SEOUL -- The listing of Netmarble Games on Friday in the second-biggest initial public offering in South Korea's history caps one of the most storied turnarounds among local startups.
Chairman Bang Jun-hyuk, 48, has set his sights on his 17-year-old company becoming one of the world's five biggest gaming companies. The 2.6 trillion won ($2.31 billion) raised last month in the offering, representing 20% of the company's enlarged share base, is to help it get there.
Netmarble's shares climbed as much as 9% in early trade on the Korea Exchange from the offering price of 157,000 won a share. Netmarble is already the world's ninth-largest game publisher, according to App Annie, an analytics company. It has grown from eight employees and a 100 million won seed investment from friends to a company of 3,850 employees, including 2,500 developers, subsidiaries in the U.S. and in Asia, and over 60 mobile game titles. It took in revenue of 1.5 trillion won and reported operating income of 294.7 billion won last year. Management is aiming to raise operating margins this year to at least 30% from 19.7% last year, according to Thomas Kwon, an analyst with Daiwa Capital Markets.
Netmarble achieved average annual sales growth of 104% over the last three years on the back of longer game life cycles, global penetration and smart publishing tactics. The company, which is backed both by Chinese internet company Tencent Holdings and rival South Korean game maker NCsoft, has produced a string of hit role-playing games like "Seven Knights" and "Lineage 2: Revolution." It ranked as the third-largest game publisher globally in gross revenue on both Apple's App Store and Google Play in February and March.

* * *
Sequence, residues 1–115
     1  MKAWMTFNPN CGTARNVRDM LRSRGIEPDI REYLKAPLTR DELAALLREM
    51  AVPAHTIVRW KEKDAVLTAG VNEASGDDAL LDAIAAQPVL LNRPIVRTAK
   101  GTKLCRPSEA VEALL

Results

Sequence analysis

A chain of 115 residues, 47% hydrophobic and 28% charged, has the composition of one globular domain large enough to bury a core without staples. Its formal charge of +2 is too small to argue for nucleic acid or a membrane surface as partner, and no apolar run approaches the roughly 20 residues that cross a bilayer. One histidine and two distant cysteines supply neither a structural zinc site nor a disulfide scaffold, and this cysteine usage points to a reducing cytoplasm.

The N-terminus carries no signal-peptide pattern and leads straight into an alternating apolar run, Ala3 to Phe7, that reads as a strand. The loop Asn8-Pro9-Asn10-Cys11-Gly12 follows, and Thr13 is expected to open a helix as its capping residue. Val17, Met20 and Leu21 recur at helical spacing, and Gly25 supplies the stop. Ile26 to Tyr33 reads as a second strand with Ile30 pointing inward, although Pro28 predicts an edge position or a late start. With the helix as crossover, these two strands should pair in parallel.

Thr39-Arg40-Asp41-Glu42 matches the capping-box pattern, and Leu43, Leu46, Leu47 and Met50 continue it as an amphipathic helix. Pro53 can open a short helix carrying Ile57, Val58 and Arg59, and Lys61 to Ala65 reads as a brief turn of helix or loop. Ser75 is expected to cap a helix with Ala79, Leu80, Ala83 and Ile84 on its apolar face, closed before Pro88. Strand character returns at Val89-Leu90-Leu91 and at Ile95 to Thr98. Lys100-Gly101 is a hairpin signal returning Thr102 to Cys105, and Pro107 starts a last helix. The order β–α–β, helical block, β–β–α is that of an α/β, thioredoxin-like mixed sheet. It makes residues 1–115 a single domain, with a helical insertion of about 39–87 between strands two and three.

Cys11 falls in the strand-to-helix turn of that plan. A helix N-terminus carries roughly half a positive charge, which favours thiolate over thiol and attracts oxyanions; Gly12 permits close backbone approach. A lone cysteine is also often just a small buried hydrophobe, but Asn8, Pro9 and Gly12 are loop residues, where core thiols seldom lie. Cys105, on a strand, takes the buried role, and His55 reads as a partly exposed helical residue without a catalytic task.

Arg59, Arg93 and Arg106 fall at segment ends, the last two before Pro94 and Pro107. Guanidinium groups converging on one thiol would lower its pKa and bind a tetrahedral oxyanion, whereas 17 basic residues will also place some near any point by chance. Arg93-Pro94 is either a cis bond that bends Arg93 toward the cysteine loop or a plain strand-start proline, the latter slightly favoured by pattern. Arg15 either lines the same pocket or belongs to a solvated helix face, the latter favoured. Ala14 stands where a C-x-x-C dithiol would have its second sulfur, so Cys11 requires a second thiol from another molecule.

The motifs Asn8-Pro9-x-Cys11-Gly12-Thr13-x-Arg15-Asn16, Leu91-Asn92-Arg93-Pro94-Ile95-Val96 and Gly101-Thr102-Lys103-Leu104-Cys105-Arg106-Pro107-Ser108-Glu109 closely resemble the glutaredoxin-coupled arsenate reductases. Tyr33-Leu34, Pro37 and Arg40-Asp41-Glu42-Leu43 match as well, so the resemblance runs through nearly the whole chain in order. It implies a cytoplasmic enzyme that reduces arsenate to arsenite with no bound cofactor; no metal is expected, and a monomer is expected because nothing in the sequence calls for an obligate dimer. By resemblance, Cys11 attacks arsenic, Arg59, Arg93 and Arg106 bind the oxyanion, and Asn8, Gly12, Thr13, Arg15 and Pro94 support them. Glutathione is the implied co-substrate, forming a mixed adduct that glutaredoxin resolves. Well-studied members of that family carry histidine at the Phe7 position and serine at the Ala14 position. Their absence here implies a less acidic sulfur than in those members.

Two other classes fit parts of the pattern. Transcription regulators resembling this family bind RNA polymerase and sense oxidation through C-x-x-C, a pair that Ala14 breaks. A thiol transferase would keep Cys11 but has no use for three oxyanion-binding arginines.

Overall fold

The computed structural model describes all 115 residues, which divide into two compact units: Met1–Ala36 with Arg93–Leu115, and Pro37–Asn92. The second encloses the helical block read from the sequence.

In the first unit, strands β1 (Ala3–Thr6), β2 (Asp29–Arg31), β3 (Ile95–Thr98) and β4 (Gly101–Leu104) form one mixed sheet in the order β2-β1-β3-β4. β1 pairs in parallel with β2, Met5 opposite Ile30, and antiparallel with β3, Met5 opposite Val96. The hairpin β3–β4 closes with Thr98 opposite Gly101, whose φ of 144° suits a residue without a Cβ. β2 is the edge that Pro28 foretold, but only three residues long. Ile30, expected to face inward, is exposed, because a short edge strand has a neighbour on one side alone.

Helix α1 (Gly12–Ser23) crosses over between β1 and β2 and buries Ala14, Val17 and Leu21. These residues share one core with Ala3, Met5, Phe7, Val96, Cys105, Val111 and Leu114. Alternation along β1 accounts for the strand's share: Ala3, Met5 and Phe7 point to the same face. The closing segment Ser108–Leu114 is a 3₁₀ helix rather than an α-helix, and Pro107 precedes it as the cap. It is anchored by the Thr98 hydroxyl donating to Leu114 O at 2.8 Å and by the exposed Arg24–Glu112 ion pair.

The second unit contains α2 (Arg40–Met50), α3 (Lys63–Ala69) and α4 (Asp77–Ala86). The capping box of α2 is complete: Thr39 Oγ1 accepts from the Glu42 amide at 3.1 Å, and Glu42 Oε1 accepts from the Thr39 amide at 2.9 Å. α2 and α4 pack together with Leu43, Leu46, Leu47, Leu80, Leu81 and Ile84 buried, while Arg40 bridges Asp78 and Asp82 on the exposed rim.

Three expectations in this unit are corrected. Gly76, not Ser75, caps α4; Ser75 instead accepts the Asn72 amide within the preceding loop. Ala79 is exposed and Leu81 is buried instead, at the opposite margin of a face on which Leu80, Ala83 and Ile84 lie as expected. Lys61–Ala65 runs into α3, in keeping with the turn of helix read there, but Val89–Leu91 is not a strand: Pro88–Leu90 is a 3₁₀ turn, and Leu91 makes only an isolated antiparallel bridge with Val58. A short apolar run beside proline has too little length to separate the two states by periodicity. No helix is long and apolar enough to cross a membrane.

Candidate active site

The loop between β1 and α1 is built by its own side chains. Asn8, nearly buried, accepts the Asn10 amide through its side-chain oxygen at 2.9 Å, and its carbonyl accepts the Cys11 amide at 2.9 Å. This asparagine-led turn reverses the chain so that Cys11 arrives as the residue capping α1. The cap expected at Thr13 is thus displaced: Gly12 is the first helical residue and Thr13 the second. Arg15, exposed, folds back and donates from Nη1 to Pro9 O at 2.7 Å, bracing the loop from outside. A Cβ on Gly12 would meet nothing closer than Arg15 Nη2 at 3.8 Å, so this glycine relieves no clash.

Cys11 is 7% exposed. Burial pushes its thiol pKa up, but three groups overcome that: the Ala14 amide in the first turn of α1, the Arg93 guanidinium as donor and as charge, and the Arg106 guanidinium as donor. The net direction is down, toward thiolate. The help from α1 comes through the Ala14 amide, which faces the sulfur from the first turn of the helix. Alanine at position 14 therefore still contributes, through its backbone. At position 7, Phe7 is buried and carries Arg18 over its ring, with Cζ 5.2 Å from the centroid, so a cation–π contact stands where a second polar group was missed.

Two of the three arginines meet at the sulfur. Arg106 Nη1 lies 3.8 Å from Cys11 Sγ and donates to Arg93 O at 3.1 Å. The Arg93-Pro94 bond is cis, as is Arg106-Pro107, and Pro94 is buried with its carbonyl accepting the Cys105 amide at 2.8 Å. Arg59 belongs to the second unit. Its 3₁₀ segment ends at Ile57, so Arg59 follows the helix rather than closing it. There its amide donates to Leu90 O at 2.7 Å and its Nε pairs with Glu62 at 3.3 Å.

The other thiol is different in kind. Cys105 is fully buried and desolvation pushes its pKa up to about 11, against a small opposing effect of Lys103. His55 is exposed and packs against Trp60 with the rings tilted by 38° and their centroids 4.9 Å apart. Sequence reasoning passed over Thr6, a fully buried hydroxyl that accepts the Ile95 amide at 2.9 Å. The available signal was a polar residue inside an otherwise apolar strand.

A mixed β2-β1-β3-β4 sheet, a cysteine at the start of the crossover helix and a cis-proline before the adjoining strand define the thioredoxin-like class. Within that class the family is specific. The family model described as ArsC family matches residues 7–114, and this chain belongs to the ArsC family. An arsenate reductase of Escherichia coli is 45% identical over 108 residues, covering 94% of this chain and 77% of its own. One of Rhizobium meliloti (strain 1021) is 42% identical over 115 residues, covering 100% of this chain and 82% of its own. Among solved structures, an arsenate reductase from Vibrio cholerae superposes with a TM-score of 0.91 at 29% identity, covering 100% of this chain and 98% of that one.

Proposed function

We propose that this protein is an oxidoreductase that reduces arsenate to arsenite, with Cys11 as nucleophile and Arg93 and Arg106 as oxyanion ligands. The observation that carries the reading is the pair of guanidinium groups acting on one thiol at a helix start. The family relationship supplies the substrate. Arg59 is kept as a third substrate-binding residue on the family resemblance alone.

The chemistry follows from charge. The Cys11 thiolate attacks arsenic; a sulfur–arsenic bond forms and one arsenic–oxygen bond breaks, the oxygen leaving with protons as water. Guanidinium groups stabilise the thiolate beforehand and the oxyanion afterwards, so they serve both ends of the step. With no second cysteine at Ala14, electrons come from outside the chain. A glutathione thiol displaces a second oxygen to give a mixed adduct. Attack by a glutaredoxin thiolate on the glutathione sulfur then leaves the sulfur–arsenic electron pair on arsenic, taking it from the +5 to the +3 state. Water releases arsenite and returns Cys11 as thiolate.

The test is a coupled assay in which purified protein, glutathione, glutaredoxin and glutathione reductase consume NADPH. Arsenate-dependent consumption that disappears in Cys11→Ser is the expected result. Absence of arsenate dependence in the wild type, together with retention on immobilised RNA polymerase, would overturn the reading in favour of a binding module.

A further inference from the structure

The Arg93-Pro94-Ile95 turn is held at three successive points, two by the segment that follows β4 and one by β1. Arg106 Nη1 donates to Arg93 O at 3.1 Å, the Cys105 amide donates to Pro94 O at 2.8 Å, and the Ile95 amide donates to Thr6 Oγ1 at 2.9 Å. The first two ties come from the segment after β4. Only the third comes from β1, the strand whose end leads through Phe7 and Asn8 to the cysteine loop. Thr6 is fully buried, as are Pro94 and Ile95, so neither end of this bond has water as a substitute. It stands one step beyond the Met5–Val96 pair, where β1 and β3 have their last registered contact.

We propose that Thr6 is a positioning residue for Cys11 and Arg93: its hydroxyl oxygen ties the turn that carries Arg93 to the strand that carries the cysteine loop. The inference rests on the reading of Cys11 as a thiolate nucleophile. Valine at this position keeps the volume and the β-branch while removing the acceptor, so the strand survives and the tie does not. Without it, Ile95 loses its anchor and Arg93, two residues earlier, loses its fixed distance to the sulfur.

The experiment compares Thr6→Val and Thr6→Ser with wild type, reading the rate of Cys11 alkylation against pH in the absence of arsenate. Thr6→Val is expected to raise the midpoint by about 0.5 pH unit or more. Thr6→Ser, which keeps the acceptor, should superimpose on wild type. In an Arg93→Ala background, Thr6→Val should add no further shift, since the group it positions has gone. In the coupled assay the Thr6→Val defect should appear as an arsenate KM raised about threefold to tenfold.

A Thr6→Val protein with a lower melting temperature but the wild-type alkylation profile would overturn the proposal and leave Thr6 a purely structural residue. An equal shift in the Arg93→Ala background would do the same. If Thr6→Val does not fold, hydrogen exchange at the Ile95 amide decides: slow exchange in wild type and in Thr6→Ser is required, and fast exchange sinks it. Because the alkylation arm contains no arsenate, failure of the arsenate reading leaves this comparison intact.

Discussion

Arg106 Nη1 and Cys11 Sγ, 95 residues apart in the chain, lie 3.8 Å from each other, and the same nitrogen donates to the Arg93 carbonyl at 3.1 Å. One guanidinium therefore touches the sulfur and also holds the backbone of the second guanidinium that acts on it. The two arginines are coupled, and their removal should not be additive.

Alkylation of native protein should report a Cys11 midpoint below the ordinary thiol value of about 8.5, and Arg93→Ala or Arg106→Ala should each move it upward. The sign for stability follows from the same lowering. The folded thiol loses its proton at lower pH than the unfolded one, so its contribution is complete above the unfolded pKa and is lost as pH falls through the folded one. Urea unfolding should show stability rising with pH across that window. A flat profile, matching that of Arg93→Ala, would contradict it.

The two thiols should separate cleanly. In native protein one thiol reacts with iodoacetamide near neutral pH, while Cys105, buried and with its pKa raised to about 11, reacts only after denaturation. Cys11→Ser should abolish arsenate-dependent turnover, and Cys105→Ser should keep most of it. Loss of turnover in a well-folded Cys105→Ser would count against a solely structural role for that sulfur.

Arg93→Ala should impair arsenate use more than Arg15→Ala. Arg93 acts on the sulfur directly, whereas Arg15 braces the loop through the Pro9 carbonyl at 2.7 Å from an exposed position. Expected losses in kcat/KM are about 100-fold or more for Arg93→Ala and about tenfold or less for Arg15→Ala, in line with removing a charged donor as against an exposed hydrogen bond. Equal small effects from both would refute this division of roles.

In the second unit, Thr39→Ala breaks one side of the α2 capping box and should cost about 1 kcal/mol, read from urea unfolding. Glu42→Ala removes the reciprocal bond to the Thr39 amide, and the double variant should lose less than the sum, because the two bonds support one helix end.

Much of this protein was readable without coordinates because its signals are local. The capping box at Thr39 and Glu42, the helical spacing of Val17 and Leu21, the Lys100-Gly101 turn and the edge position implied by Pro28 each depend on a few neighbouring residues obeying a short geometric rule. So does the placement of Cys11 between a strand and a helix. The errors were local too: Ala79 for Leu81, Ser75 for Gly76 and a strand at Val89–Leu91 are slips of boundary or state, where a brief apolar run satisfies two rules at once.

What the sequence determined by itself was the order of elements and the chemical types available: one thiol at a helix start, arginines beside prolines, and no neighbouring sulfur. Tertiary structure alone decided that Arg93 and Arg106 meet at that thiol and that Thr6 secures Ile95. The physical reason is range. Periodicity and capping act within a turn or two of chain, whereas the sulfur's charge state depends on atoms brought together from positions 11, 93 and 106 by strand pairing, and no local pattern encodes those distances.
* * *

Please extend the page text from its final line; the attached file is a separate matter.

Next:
The listing will raise the value of Bang's stake as the company's biggest shareholder to at least 3.2 trillion won. Bang's expressed hope is to see Netmarble's name next to those of the Samsung and Hyundai groups when people think of his country.
He plans to use the IPO proceeds to continue aggressively investing in game developers abroad, after completing five acquisitions last year. That helped the company to generate half its 2016 revenue from overseas, with the U.S. alone accounting for 20.5% of sales and Japan for 10%.
Bang though can be a tough boss who expects his staff to work as hard as he does, but people who know him say his business acumen is sharp.
"He has a very animal instinct as to when to place bets," said Daniel Shin, a former Netmarble employee who is now Korea director for luxury brand MCM. "It's the right time [to IPO] as there's a great momentum in mobile gaming and lots to sell to the investor community."
In 2000, Bang, who did not attend university, launched Netmarble to offer computer versions of classic games like poker and the Korean card game Go-Stop. By the end of 2002, Netmarble had generated 15 billion won in net profit on 27 billion won in revenue and had acquired a backdoor listing on the South Korean stock market.
Within a few years, companies like Yahoo were approaching Bang with offers for his business. In 2004, Bang agreed to sell a controlling stake to the CJ group, which had emerged out of the Samsung empire, for 80 billion won. The company was renamed CJ Internet and delisted.
Bang, however, stood down in 2006, citing unspecified health issues. Under the control of CJ executives with no gaming industry experience, the company took a turn for the worse too. Of 19 games developed between 2007 and 2011, eight were not even published and the other 11 made little market impact. Topping it off, Netmarble lost the license to publish "Sudden Attack," a popular multiplayer shooter game developed by another South Korean company which had been generating a third of Netmarble's revenue.